Mumblehard Linux Spamming Botnet Finally Taken Offline

CyberCrimeSecurity
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Thousands of servers running Linux and BSD had been affected by one of world’s most damaging botnets

One of the world’s most damaging botnets has finally been shut down after a concerted effort from security firms and governments.

The Mumblehard botnet was responsible for targeting servers running both Linux and BSD, causing backdoors that allowed cybercriminals full control of the system simply by running arbitrary code, after which they could hijack the server to send out spam emails.

However, it has now been successfully taken offline by security firm ESET, in co-operation with CyS-CERT and the Cyber Police of Ukraine, the former revealed today.

Squashed

BotnetNoting that Mumblehard had been in-operational now since February 29, ESET is now running a sinkhole server for all known components, with the data being shared with overseer CERT-Bund, which is now notifying the affected parties around the world.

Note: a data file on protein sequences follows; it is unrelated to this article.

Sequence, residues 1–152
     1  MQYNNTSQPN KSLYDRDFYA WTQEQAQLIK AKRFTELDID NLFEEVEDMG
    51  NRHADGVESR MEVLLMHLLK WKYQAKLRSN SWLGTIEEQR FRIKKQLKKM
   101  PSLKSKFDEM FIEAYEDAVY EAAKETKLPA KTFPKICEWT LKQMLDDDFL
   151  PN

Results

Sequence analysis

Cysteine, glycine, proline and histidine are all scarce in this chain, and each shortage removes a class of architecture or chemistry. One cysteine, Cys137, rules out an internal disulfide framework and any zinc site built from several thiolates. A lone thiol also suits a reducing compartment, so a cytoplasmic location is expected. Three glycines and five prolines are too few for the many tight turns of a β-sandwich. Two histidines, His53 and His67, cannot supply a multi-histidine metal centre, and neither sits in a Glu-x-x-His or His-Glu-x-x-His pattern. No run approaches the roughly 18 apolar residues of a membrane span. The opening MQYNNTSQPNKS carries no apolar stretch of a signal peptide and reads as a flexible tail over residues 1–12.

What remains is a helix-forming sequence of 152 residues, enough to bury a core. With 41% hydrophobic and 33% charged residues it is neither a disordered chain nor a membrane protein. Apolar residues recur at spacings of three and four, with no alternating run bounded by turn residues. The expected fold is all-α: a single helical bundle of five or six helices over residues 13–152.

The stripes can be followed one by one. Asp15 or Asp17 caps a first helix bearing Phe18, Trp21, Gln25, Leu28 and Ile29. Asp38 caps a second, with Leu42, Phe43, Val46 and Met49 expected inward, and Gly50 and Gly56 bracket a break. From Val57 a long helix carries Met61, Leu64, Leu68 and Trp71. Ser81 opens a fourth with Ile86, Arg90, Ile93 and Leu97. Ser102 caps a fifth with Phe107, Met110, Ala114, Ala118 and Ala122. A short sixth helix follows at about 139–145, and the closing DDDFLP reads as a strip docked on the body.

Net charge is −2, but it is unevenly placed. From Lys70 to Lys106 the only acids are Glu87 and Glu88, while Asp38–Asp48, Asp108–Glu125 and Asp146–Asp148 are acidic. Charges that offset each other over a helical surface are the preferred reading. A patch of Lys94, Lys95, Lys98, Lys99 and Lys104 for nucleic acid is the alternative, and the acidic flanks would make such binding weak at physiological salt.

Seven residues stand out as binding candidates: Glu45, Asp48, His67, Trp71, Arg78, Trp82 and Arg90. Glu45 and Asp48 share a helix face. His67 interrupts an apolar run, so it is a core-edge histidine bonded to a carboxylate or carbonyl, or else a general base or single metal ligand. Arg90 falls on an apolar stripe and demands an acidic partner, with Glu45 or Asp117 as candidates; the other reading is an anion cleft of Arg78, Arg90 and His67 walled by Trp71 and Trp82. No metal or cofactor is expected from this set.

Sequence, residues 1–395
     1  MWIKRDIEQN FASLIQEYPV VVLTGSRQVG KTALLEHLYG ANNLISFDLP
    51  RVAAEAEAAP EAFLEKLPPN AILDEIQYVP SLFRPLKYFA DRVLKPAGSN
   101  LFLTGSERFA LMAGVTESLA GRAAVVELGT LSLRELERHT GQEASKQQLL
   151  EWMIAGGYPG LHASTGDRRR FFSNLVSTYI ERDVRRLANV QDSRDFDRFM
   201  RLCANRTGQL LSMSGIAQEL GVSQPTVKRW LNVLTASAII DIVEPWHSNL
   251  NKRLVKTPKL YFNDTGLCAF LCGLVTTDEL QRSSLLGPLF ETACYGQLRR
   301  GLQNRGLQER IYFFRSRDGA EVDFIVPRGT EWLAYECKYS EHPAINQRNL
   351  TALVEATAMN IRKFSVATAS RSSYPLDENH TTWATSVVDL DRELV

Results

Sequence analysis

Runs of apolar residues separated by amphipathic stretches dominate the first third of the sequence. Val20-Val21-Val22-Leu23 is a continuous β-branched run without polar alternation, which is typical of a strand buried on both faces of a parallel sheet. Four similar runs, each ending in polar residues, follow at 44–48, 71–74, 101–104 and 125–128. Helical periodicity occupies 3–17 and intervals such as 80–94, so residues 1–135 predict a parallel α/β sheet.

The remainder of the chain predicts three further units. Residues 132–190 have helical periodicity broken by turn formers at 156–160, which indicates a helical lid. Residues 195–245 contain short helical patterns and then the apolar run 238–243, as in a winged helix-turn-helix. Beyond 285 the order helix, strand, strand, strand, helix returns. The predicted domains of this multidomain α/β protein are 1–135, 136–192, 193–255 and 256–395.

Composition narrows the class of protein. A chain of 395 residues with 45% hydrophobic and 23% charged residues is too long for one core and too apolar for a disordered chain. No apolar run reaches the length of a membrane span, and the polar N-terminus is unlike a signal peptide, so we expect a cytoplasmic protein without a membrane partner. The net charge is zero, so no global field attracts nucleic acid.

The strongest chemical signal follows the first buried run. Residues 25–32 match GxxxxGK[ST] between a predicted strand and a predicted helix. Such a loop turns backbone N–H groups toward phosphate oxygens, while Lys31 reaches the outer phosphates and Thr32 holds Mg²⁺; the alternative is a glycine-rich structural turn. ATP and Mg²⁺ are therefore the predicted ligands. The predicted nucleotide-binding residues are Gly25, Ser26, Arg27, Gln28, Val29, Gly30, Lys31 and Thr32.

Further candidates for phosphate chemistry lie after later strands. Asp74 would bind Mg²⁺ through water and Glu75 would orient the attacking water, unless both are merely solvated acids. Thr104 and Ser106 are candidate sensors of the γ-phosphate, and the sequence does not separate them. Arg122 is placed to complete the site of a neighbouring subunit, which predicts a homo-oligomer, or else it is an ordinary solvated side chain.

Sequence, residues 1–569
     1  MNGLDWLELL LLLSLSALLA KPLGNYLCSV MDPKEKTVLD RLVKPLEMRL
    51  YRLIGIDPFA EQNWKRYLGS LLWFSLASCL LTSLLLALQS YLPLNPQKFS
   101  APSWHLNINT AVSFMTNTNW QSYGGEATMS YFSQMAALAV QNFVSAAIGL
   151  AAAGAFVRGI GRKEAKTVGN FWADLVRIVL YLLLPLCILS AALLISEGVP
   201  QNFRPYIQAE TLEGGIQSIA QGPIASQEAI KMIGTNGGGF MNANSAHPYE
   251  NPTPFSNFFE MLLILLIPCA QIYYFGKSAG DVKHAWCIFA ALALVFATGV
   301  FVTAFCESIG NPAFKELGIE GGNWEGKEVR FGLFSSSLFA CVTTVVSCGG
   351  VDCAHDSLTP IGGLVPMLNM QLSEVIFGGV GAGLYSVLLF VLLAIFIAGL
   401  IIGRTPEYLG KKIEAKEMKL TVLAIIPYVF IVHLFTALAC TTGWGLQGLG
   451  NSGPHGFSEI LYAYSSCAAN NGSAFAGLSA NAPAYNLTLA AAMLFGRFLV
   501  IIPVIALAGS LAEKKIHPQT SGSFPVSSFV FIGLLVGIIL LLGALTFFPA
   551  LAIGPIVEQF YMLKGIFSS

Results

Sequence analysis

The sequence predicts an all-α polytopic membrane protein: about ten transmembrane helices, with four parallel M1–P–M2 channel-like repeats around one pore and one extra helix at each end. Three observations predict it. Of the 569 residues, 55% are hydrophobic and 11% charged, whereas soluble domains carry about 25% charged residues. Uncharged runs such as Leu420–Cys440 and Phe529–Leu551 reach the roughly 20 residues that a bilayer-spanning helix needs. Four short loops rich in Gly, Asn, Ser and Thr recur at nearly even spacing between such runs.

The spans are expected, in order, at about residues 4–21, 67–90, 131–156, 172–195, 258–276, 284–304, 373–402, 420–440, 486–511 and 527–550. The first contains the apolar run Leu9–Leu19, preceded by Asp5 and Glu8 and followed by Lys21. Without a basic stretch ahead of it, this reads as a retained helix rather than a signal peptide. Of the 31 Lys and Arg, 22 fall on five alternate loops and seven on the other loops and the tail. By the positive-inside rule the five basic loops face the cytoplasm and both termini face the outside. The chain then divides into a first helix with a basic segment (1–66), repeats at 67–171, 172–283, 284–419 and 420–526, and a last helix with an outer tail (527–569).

The botnet had been slowing down since ESET published a technical analysis of Mumblehead last May, with the company noticing an immediate reaction from its operators.

However this then spurred the criminals on to quickly update their botnets, which were moved onto a single command and control (C&C) server.

ESET was then able to leap into action with its partners, with the Cyber Police of Ukraine shutting down the Mumblehard C&C server on 29th February and replacing it with ESET’s sinkhole.

This detected that almost 4,000 Linux systems compromised with the Mumblehard botnet agent at the end of February, many of which had been compromised through an unpatched CMS such as WordPress or Joomla, or one of their plugins.

“Collaboration with law enforcement and external entities was crucial to making this operation a success,” said ESET.

“ESET would like to thank the Cyber Police of Ukraine, CyS Centrum LLC and CERT-Bund. We are proud of our efforts to make the internet a safer place.

“Mumblehard might not be the most prevalent, the most dangerous or the most sophisticated botnet out there, but shutting it down is still a step in the right direction and shows that security researchers working with other entities can help reduce the impact of criminal activity on the internet.”

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